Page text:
Taking your company public is one of the most pivotal decisions you can make when it comes to determining its future. You have to consider what your operations will look like under the microscope of public investors, which means shoring up any shortcomings before you put forth your Initial Public Offering (IPO).
One of the biggest concerns for companies going public in today’s modern era is their ability to collect, handle, and manage crucial data. Investors now expect executives to disclose important business metrics and information to investors, which means having systems in place to obtain and appropriate this data. Before an IPO, it’s important to execute a robust data management plan.
Why take your company public?
Any company can benefit from going public. Oil and gas companies especially need to consider factors like:
- Access to shareholder capital
- Inclusion in major index funds
- Stock optionality for current or prospective employees
- Indirect advertising through market reports
- Better opportunity for mergers and acquisitions (M&A)
In the energy industry — which is relatively isolated from general investors because of its industrial nature — all of these benefits allow an oil or gas company to flourish beyond what might be possible as a private entity. But before embracing these benefits, you need to make extensive introspection a top priority.
Preparing for life as a public company
A company doesn’t become public overnight. The IPO process is an arduous one filled with scrutiny from analysts, regulatory bodies, and, of course, the United States Securities and Exchange Commission (SEC). Here’s a succinct outline of what the roadmap to an IPO generally looks like:
- Internal vetting: Your company will need to make its financial standings and management structure public for an IPO, which means getting this information cleaned up and thoroughly organized. It also means generating a scalable process for reporting key metrics and finances quarterly.
- Coordinate your offering: Transparency and consistency are crucial when you’re a public company. Before an IPO you’ll need to choose investment bankers and make sure you have systems in place to be able to provide updated information about the financial health of your business. Finally, you’ll need to address tax concerns and liabilities that may mar your balance sheet.
- Prepare for your IPO: Investors will want to know why you’re taking your company public and what you plan to do in the interest of shareholders. Drafting a prospectus is a must-do before an IPO, alongside filing the appropriate paperwork with the SEC. From there, pricing the IPO and setting your share structure will determine how investors will be able to participate in your offering.
Once you’re ready to declare an IPO, you’ll have the chance to meet with institutional investors who may purchase preferred shares of your soon-to-be-issued stock. After that, it’s straight to one of the major stock exchanges: NYSE, NASDAQ, or AMEX.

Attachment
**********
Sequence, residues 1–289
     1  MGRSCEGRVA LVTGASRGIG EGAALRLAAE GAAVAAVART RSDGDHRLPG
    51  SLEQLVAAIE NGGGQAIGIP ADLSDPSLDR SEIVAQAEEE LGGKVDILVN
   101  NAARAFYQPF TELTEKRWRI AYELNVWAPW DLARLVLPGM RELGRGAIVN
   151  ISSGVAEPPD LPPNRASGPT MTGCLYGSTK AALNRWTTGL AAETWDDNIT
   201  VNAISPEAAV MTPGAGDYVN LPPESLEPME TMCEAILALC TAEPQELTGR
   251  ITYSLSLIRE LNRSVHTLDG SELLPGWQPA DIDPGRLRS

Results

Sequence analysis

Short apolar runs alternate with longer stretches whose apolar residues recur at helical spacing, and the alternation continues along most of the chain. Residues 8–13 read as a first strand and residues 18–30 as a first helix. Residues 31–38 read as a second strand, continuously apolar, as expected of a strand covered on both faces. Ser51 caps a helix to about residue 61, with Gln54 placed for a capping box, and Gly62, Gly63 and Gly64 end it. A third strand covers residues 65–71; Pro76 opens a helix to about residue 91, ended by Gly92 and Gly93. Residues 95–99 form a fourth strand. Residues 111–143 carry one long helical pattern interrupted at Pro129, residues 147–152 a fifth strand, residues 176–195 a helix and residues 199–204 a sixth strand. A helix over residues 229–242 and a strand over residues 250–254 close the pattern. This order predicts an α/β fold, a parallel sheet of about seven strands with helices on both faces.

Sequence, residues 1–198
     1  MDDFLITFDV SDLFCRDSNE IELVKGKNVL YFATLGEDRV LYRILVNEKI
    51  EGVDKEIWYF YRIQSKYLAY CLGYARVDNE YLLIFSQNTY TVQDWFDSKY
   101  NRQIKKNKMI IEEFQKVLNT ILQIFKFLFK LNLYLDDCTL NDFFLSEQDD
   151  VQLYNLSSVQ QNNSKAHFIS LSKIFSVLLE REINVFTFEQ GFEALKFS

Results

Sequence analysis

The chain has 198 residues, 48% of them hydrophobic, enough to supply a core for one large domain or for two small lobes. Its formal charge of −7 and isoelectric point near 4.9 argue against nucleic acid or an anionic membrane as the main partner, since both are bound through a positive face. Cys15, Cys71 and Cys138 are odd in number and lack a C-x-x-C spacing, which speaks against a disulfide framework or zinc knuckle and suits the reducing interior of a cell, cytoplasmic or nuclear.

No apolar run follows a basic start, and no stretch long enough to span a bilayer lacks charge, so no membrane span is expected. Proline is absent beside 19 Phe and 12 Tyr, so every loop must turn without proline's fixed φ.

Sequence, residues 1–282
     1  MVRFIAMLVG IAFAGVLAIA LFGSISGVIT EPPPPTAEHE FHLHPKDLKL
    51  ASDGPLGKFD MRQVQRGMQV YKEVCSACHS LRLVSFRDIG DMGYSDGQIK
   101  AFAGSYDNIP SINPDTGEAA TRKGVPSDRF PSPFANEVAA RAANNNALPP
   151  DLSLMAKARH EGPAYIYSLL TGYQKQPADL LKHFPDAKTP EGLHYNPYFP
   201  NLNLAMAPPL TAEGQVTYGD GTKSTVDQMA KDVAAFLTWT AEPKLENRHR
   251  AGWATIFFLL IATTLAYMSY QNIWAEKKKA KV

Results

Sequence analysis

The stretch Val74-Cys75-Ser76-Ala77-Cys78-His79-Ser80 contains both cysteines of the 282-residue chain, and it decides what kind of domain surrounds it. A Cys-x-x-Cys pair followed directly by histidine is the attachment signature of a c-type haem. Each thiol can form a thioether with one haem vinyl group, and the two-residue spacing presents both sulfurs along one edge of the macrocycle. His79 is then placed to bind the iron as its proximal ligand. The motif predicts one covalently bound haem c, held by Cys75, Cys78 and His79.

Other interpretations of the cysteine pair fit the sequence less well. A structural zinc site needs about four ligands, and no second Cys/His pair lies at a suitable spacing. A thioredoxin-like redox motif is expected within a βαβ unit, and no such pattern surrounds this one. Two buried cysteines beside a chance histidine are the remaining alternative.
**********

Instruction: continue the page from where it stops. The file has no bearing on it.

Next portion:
Reinvesting in IT and data systems
With so much required work before an IPO, it makes sense to make a few strategic investments in your company before you seek public funding. Chief among these is an investment in better data management and IT.
The right data management system will give you instant insights into the crucial financial data you need to appease investors and analysts. Before you start reporting financials to the market, you’ll also want to establish the validity of previous quarters. Implementing a data management system can help you identify and reconcile any inaccuracies, avoiding period adjustments that may throw up red flags to investors (legitimate or not).
More than financial data, being able to report key metrics to future shareholders is also hugely reliant on having data collection and reporting systems in place. Commodities analysts may use specific metrics to gauge the health of your business — having these metrics as up-to-date and relevant as possible means a more accurate valuation for your company on the open market.
Even more importantly, your oil and gas company will need to show that it’s maintaining compliance through monthly regulatory report filings. This data needs to be consistently tracked for current reporting, which requires structured data systems in and of itself. The stock market isn’t kind to public entities that aren’t transparent with their reporting. Not only will shareholder selloffs drive down the price of your stock as confidence wanes, but not keeping up on these filings could even result in delisting by the SEC.
With integrated, viable data collection, management, and reporting systems in place, your newly publicly traded company will be in a better position to flourish.